Kodak wins round in patent dispute with Apple
(AP) -- Shares of Eastman Kodak Co. shot higher Friday after a judge at the U.S. International Trade Commission rejected Apple Inc.'s digital-camera patent claims against the photography pioneer.
Kodak's technology does not infringe on Apple's patent rights, and one of the two patents in dispute is invalid, Robert Rogers Jr., a judge at the federal agency that oversees trade disputes, said in a preliminary ruling late Thursday.
His decision is subject to review by the agency's six commissioners.
Kodak's stock rose 15 cents, or 5.3 percent, to $3 in midday trading but had traded as high as $3.09 earlier in the day.
Kodak is still attempting to negotiate a royalty-paying deal worth up to $1 billion in a separate claim against Apple and Research in Motion, the smartphone giants, over a 2001 imaging patent. The commission, based in Washington, D.C., agreed in March to rule on that claim by June 23.
"We're pleased by this ruling and we are looking forward to the full ITC commission's decision in our case against Apple and RIM" in June, Kodak said in a statement.
Apple spokeswoman Kristin Huguet said the iPhone maker, based in Cupertino, Calif., does not comment on pending litigation.
Kodak, the 131-year-old camera company based in Rochester, N.Y., has amassed more than 1,000 digital-imaging patents, and almost all of today's digital cameras rely on that technology. Mining its rich array of inventions has become an indispensable tool in its long and painful digital turnaround.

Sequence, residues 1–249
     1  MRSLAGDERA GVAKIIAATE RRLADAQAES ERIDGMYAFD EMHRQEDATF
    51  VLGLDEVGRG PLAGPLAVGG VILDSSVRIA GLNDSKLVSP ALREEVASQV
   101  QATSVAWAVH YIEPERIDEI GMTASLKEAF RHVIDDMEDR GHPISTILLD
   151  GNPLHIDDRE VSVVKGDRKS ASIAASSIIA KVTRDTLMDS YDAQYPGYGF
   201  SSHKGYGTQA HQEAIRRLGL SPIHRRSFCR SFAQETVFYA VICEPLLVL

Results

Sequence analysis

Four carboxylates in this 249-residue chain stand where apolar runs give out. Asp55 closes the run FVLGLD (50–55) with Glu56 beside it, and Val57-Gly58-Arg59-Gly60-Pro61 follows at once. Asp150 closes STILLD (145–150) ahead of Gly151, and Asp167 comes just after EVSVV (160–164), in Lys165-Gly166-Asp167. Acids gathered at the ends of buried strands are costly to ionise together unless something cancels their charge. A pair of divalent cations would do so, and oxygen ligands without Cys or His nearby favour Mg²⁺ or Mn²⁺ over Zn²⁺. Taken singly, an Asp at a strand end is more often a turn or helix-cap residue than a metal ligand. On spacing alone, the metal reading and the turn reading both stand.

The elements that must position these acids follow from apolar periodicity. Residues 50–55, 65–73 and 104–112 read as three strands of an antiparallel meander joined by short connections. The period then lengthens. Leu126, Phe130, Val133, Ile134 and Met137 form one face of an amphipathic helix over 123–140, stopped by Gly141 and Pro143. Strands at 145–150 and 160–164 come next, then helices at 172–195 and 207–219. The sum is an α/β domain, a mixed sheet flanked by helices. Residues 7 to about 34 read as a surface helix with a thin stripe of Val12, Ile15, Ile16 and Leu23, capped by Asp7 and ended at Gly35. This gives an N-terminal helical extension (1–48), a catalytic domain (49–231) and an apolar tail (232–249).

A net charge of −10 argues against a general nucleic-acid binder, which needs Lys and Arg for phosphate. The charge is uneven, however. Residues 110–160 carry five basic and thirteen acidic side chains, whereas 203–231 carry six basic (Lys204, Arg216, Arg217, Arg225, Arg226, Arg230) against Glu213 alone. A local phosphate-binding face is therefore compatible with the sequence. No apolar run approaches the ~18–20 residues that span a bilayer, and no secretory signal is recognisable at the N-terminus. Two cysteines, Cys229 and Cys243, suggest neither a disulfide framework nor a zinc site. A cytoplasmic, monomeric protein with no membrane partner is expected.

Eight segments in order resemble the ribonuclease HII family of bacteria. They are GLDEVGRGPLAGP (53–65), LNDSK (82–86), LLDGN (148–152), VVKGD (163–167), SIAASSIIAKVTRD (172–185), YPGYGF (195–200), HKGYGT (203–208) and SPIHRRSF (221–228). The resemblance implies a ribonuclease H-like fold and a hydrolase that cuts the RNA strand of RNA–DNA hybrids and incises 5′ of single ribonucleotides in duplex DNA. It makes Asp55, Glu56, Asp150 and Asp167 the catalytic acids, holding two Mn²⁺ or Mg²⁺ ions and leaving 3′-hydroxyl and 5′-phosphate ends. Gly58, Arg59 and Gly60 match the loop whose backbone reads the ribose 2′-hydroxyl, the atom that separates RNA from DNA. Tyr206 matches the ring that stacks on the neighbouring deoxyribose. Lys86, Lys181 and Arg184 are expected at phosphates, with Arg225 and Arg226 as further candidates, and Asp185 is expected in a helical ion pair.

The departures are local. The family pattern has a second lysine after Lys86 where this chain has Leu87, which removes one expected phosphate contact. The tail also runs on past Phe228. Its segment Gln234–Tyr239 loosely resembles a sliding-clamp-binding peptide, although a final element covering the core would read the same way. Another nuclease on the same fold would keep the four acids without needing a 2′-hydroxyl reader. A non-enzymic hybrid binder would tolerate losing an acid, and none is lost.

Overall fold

After failed negotiations, Kodak filed a complaint with the commission in January 2010 against Apple and the BlackBerry maker RIM. It also filed two lawsuits against Apple in federal court in Rochester, but it has not specified the damages it is seeking.
Three months later, Apple claimed that some Kodak camera and video camera lines violate two of its patents. One invention relates to a camera's ability to process several images at the same time; the other enables a camera to simultaneously handle adjustments in color, sharpness and other processes.
The judge's reasoning won't be made public until both Kodak and Apple review his ruling and determine if it includes information that the companies feel is confidential.
Patent cases can take years to resolve, and agreements over licensing and royalty payments often emerge. But the trade commission, which can order Customs to block imports of products made with contested technology, is seen as a fast-track mediator that typically resolves disputes in 12 to 15 months.
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